Susan Lampe fears that thousands of Wisconsinites will soon lose not only a ride to the doctor, but also the right to pick their health care providers.
Beginning July 1, the state is scheduled to begin using an out-of-state company, Atlanta-based LogistiCare, to arrange rides for people receiving medical assistance, taking this role over from county governments. The company, which has set up a call center in Madison, provides this service in other states.
Critics say the company makes money by denying rides to as many people as possible. When a ride is requested, clients are reportedly asked a series of questions, such as whether they can walk, take a bus or have a family member drive them.
The system is expected to save the state about $5 million over two years.
"Their goal is to get people on free transportation and then possibly reimburse people for a bus pass," says Lampe, a disabled client who lives in downtown Madison. "It's going to be a real uneven set of circumstances because some people don't have family or friends available during the day."
Those who rely on the service include veterans, the disabled and low-income residents. Elderly residents are not affected by the system.
Lampe fears many clients will also be forced to change to health care providers nearer their homes.
Ray Blanco, a company representative in charge of setting up contracts with cab companies, would not comment to Isthmus about how LogistiCare will operate in Wisconsin, saying, "you're not a transportation company." He referred Isthmus to the corporate office, but did not know whom the paper should speak with.
Although the change is coming as Gov. Scott Walker tries to push through a budget with drastic cuts to human services, he did not initiate this change - former Gov. Jim Doyle did.
"It's a horrible move on the part of the Wisconsin Department of Health Services," says Carl DuRocher, an advocate for public transportation. "It's further disappointing that we can't even blame it on Walker this time."
Keeping up the fight
The protests that erupted in February helped galvanize the left against Gov. Scott Walker's agenda. But they couldn't be sustained forever: Eventually, people stopped sleeping in the Capitol and went back to work or school.
But with the Legislature deliberating on the budget this week, Ken Dunbeck is hoping for a repeat performance. A substitute teacher, Dunbeck helped form the People's Bratfest. And on Wednesday, it organized a "Take Back the Bus" event to encourage people to ride the bus and thank drivers for their service.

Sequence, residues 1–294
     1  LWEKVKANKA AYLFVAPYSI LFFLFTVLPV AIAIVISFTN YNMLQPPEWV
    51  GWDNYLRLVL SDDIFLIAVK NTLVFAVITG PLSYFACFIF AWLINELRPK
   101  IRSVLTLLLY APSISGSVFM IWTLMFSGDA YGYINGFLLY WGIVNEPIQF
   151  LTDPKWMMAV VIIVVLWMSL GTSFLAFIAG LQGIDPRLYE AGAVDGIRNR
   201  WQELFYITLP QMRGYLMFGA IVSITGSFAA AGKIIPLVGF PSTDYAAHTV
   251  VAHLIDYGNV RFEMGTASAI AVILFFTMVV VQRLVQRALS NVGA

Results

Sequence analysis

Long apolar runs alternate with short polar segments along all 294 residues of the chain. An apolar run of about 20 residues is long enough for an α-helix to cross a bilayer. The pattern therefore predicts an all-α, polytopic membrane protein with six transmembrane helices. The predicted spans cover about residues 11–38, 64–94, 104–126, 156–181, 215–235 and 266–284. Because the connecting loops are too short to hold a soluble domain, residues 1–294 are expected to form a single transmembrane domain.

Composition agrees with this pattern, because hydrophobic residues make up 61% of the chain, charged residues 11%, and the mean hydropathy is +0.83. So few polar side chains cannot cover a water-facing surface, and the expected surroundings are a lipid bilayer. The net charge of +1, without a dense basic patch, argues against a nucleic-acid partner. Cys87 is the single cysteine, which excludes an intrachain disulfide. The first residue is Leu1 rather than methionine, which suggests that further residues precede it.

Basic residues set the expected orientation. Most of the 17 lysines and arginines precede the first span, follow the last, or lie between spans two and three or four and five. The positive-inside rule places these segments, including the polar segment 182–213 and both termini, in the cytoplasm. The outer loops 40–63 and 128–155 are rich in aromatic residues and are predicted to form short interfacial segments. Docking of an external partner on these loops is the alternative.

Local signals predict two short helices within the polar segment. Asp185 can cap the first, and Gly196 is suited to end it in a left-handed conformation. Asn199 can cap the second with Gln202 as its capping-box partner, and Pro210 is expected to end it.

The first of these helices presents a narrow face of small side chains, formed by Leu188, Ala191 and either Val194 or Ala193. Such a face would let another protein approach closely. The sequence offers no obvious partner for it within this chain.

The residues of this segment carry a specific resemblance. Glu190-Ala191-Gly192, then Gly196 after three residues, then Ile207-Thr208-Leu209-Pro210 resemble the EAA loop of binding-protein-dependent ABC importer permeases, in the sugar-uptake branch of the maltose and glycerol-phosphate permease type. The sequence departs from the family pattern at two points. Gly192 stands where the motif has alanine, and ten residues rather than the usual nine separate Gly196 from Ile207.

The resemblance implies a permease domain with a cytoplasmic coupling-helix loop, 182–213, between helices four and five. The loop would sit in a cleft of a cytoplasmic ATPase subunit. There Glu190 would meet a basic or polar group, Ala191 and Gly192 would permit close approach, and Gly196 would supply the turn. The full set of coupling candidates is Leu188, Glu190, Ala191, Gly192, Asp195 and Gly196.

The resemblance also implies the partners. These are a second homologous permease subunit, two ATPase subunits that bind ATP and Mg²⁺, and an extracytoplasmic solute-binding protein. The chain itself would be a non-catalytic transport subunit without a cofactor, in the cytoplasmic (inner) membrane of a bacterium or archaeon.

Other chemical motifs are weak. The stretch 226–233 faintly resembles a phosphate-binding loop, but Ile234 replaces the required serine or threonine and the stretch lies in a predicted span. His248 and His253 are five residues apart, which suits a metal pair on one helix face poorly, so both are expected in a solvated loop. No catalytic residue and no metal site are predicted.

"You can do more than go to a protest," Dunbeck says. "You can go thank a public worker. As the son of a Milwaukee bus driver, it's exciting for me to go say 'thank you.'"
The larger message, Dunbeck says, is don't despair. The protests this spring didn't stop the Republicans, but they attracted worldwide notice, energized opposition and spurred recall campaigns.
"We need that to happen again," he says, "because this budget is 1,000 times worse than anything we've seen."
No room at the shelter
Maj. Paul Moore doesn't like having to turn homeless families away from the Salvation Army Shelter. But these days, he doesn't have much choice.
There aren't enough beds for all the families that need help.
"We've looked at expansion," Moore says. "To be honest, I don't know if there's community will for any of the shelters to expand. I think it's needed, but you can't do anything by yourself."
The Salvation Army on East Washington operates three shelters: a family shelter with 60 beds (which is always full and last week had a waiting list of 55), a single-women's shelter with 30 beds (which is usually filled over capacity) and an emergency shelter with 16 beds (which has often turned away people in the past month).
Despite the increased demand, the Salvation Army faces a $60,000 deficit for next year, and funds are shrinking fast under Gov. Scott Walker's proposed budget. The shelter expects to lose $20,000 in state funding. And about $700,000 of its funding comes from Dane County, which is facing its own cut from state. Oh, and the check it gets every January from the federal government still hasn't arrived.
The Salvation Army is the primary place for homeless families and women to find shelter in Madison, though there are other options, including the YWCA and some churches. But Moore says these places are also overtaxed.
"There's more demand and no more supply. We need to increase the supply," he says. "If I doubled my shelter tomorrow, it'd be full by next week."